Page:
Become a hero: Know your superpower.
In 2018, make your career your top priority using four steps suggested by Mogha. First, know your superpower — the special abilities that you bring to a project or position. Second, don’t just find a mentor, she says, find a sponsor who can promote you. Third, “Know that you have a seat at the table for a reason. Don’t be afraid to speak out,” Mogha says. Finally, give back to the community, be it by mentoring others, volunteering, or speaking at conferences such as Oracle Code.
*Forbes covers my “Super Power” talk*
Forbes coverage link: Oracle Hosts Bay Area Girl Geeks And Asks: What’s Your Superpower?
Kaval asked the Oracle execs what each of their “superpower” is.
“I have the ‘make it happen’ power. Some people are good with strategic ideas, and others are good at creating the execution plan—my superpower blends the two,” said Rashim Mogha, senior director of product management for Oracle Cloud Infrastructure. A male executive was the first to point this out to her: “I realized a while ago that I was constantly given ambiguous projects that required diving deep into the problem to create a solution, and that my team depended on me to translate that strategy into a plan that they could execute on.”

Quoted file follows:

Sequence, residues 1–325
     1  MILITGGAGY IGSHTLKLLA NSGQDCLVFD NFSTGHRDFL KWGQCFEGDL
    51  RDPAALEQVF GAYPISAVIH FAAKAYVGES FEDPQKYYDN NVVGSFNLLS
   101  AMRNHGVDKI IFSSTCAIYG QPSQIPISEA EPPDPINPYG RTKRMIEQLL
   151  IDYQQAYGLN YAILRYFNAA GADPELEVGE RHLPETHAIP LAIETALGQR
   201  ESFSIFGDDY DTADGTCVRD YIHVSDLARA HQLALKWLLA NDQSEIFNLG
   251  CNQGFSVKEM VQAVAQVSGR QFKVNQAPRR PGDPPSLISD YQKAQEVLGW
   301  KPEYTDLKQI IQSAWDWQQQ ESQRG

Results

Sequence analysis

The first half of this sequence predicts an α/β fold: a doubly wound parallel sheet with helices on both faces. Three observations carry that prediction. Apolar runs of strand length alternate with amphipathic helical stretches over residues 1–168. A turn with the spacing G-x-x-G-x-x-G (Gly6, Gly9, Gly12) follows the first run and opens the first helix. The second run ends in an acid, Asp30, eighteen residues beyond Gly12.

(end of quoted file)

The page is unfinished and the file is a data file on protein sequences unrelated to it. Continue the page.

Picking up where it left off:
Mentoring and Management
Indeed, a woman engineer from another tech company with a master’s in computer science (who declined to be named) told me she wanted to transition into product management, and had come to the event in hopes of meeting a mentor. She got her chance after the panel to talk one-on-one with Mogha.
“I want to create a relationship with a product manager who can tell me the personality traits I need—or that I should just stay in engineering. It’s very difficult to do this in a corporation where they don’t promote women leaders. Without this Girl Geek event, you don’t know who could help you, or if they’ll give you the right advice. What Rashim did—that was incredible,” she said, enthusing about how Mogha had mentioned spearheading her own project and getting the PMP certification (actions this engineer had already taken) and offered to review her resume after the event.